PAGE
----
Fiji Water goes green
Fiji Fiji Water is about to make a big splash in the domestic bottled water industry, announcing plans Wednesday to become carbon negative, that is, to make more than make up for the greenhouse gasses released in the production of its product. The company also announced goals for using renewable energy, preserving forests and conserving water.
“Our existence has been a strong net positive for the economy of Fiji, and we don’t want to be any less than that on climate change,” said Thomas Mooney, Fiji Water’s senior vice president for sustainable growth.
As part of its plans, the company will install a windmill in 2009 to provide energy to its bottling plant in Fiji, located in the South Pacific, will employ biodiesel and other alternative fuels in its trucks and as a backup at its plant and it will reduce the amount of plastic and paper it uses for bottles and cartons. The Fiji Water Foundation, let by Fiji’s owners Lynda and Stewart Resnick, has pledged money to protect the Yarqara Valley watershed, the main source of Fiji Water, and to preserve the Sovi Basin, a rainforest that is home to many plant and animal species.
The announcement comes after a period in which environmental groups attacked the bottled-water industry for selling an unnecessary product at great environmental cost, thought Mooney argues Fiji’s plans were in the works long before that.
Snapple’s new antioxidant water offers healthy benefits
PLANO, Texas Snapple on Tuesday introduced Antioxidant Water and LYTeWater, taking drinking water to a new level.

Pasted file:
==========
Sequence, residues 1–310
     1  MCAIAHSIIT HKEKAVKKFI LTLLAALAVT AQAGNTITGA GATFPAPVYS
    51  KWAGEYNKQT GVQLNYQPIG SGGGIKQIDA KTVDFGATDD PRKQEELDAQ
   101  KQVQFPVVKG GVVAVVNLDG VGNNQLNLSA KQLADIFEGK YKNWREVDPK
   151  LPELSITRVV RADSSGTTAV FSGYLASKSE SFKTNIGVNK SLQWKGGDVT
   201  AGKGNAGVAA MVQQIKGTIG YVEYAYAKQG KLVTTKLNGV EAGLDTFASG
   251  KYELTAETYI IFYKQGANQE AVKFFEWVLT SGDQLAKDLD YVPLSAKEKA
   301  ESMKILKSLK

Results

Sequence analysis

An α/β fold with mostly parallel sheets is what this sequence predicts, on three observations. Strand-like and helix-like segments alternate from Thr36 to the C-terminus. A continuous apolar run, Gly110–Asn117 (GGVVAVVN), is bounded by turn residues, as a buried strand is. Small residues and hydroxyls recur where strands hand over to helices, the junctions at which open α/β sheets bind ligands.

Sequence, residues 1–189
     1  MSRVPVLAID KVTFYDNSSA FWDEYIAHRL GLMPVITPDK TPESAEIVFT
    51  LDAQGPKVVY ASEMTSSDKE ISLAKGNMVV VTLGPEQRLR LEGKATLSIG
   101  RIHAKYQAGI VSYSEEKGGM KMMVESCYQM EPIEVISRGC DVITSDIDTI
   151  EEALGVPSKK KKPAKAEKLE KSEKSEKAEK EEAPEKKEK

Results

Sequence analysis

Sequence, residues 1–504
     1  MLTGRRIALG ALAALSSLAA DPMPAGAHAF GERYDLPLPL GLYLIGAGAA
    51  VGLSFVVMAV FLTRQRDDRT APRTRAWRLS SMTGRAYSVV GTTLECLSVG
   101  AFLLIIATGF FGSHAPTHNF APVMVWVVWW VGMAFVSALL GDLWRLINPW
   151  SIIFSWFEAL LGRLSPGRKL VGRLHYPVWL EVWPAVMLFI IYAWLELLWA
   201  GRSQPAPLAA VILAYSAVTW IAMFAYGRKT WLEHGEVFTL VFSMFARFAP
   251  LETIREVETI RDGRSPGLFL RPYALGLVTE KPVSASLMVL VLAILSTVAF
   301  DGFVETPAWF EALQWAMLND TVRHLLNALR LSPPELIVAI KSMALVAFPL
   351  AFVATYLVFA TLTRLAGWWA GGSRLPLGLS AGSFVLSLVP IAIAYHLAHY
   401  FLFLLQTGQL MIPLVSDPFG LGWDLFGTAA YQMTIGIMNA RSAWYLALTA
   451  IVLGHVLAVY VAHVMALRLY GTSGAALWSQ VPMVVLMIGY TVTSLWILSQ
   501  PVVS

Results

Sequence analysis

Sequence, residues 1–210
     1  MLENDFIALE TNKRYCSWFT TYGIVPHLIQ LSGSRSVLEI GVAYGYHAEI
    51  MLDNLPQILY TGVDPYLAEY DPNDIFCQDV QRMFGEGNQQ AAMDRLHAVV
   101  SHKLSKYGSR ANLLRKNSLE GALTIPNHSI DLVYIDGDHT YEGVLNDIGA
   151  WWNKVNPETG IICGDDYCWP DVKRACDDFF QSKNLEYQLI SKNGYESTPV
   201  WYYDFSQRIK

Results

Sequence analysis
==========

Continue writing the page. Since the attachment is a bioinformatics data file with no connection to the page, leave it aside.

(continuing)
The Antioxidant Water line helps restore the body and supports a healthy immune system. Featuring seven flavors inspired by nature’s “superfruits,” the antioxidants, vitamins and electrolytes in each flavor provide one of four distinct health benefits—the power to Protect, Defy, Awaken and Restore.
The zero-calorie Snapple LYTeWater line is enhanced with electrolytes and minerals for premium hydration. Both lines provide consumers looking to incorporate healthy behaviors into their lifestyles with nutrient-packed alternatives to traditional bottled water, according to Brian Mazur, vice president and general manager of Snapple.
Snapple Antioxidant Water is available in 20-ounce single bottles for $1.39 to $1.59 and Snapple LYTeWater is available in 20-ounce six-packs, as well as one-liter single-serve bottle for $1 to $1.69 per unite. They can be found in major retailers, grocery and convenience stores nationwide.
Coca-Cola to shut down Frederick, Md. plant
FREDERICK, Md. Coca-Cola Enterprises is planning to close operations at its Frederick county distribution plant by the end of March, citing growth constraints.
The announcement was made last month to the site’s 52 employees, with plans to relocate most of them to of the company’s 10 other facilities in Maryland, including Rockville and Hagerstown.
With Coca-Cola’s truck traffic increasing, the 100-year-old Frederick site has little room to accommodate them and cannot expand the 21,000-square-food building. Instead, the Atlanta-based company will shift to other locations around Maryland, despite the building’s 60-year history housing the Coca-Cola company.